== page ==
Canon

Biofoam

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A biofoam canister.

Biofoam (short for biomedical foam)[1][2] is a self-sealing, space-filling coagulant and an antimicrobial, tissue-regenerative foam polymer used by the United Nations Space Command as a form of medical first aid. This foam keeps damaged organs in place and helps stop bleeding and hemorrhaging. The medicinal compound is morphophetamine in a polyethyltriphosphate liquid medium dispensed with nitrous oxide. When applied, the polyethyltriphosphate and nitrous oxide mix to create a foaming effect that can encapsulate, disinfect, and numb wounds.[3] Within the Unified Earth Government, biofoam is an OTC-legal product and can be purchased legally "over-the-counter."[2]

Overview[edit]

Contents[edit]

Prior to application, biofoam consists of two substances: nitrous oxide and morphophetamine-infused liquid polyethyltriphosphate,[3] with the latter incorporating MediGel, a product of Optican.[4]

Usage and effects[edit]

Biofoam being applied.

Biofoam is generally contained within a cylindrical canister or bottle with a deployable nozzle used to apply the mixture directly to the affected area of a patient,[5] although it can also be rubbed into a wound rather than injected.[6] When applied and exposed to air, the nitrous oxide and liquid polyethyltriphosphate mix, they produce a foaming reaction.[3] The foam strongly adheres to tissues and simultaneously releases encapsulated medical compounds that advances clotting, disinfects the wound, and eventually numbs pain. After a short duration of time, the foam applied will set and become a semi-rigid, porous mass internally, which forms a hardened skin on regions of the body exposed to air.[2] The standard dosage is 10 centiliters (10cL) or 3.38 fl. oz.[7]

Despite biofoam's numbing properties, for the first few seconds after its application to an open wound, it is known to be very painful,[3] described as feeling like "burning ants crawling around the wound" and "thousands of tiny knives" stabbing the recipient.[6][8] Biofoam does not seem to have this kind of painful reaction when applied to an unwounded area, as during the Battle of Mombasa, Jonathan Doherty was seen spraying a small amount onto his uninjured fingers and does not react in pain. The effects of biofoam are temporary, and after a few hours, it simply breaks down. Therefore, it is normally a form of first aid, used only as a temporary sealant until proper medical attention can be sought.[3] In extremely rare cases, allergic reactions to biofoam have been documented. Edema is a rare side effect of biofoam, caused by excess fluid trapped in the body's tissues.[2]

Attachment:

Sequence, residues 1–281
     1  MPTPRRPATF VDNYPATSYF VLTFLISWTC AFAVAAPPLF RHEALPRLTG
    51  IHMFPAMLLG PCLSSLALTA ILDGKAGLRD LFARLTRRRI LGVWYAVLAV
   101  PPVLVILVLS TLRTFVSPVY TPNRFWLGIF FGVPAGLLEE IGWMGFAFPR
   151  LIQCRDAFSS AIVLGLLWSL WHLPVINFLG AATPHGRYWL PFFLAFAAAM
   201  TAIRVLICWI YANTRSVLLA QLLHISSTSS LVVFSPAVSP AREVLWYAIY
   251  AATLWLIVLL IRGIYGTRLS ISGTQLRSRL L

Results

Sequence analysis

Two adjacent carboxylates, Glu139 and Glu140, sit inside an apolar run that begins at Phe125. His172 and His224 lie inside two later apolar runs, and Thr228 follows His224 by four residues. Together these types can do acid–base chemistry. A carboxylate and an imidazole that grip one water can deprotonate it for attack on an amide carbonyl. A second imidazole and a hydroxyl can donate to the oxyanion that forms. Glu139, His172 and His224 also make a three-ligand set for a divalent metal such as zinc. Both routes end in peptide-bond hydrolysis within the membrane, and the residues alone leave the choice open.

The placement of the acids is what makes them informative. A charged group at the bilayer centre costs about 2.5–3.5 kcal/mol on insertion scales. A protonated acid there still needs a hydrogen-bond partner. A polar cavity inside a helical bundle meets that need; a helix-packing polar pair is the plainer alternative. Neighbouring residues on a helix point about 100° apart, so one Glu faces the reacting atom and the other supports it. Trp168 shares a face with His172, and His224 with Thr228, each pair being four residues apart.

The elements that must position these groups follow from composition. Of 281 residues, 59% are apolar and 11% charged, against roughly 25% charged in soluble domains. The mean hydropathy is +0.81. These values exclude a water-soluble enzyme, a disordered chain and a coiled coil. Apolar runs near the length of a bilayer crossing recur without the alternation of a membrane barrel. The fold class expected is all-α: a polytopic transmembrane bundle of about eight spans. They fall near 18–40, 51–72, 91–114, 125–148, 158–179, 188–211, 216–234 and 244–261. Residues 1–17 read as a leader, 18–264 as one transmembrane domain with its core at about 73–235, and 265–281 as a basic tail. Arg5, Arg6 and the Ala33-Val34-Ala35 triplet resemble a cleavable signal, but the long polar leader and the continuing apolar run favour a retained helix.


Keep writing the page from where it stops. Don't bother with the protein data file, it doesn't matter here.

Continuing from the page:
Applications[edit]

Biofoam is often used as a medical option when there are no medical personnel available. Bottles of biofoam can be found in health packs.[9][10] UNSC medics will use it as a sealing agent during treatment in the field.[3] The MJOLNIR Mark VI,[6] MJOLNIR GEN2,[11] and MJOLNIR GEN3[12] armors contain automatic biofoam injectors, which negate the need for their Spartan wearers to use health packs.

Trivia[edit]

  • Despite the application process being rather painful, when biofoam is applied to Romeo's wound in Halo 3: ODST, he sighs with relief, rather than showing signs of discomfort. This might result from his rigorous ODST training, or be due to his relief that he can breathe properly again.
  • In Halo 3: ODST biofoam is applied by inserting part of the canister into the wound. In Halo: Landfall however, biofoam is applied like shaving cream, which could mean that biofoam works internally and externally.
  • The closest equivalent in the modern world to biofoam is Quikclot combat gauze, which utilizes kaolin nanoparticles impregnated into gauze. It is designed to stop moderate to severe bleeding and stabilize a combat casualty. However, it is not a foam, and as gauze, it must be packed into the wound. An experimental foam developed in late 2012 by DARPA also bears many similarities to biofoam, as it is capable of packing combat wounds and halting internal bleeding.

Gallery[edit]

List of appearances[edit]

Sources[edit]

  1. ^ Halo: New Blood, pages 66-67 (Google Play edition)
  2. ^ a b c d Halo Waypoint: Biofoam
  3. ^ a b c d e f Halo: The Rubicon Protocol, chapter 5
  4. ^ Enc22P29, chapter Enc22, page 29
  5. ^ Halo 3: ODST level, Kikowani Station
  6. ^ a b c Halo 2: The Official Strategy Guide
  7. ^ Halo 3: ODST biofoam texture graphic file
  8. ^ Halo: The Flood, page ???
  9. ^ Halo: The Fall of Reach, page 91
  10. ^ Halo: First Strike, page 123 ("William retrieved a can of biofoam from the rover and inserted the tip into the tiny injection port in his armor—pushed it through the skin between his fourth and fifth ribs. He filled his abdominal cavity with the space-filling coagulant/antibacterial/tissue-regenerative polymer.")
  11. ^ Halo 4
  12. ^ Halo: Shadows of Reach, chapter 5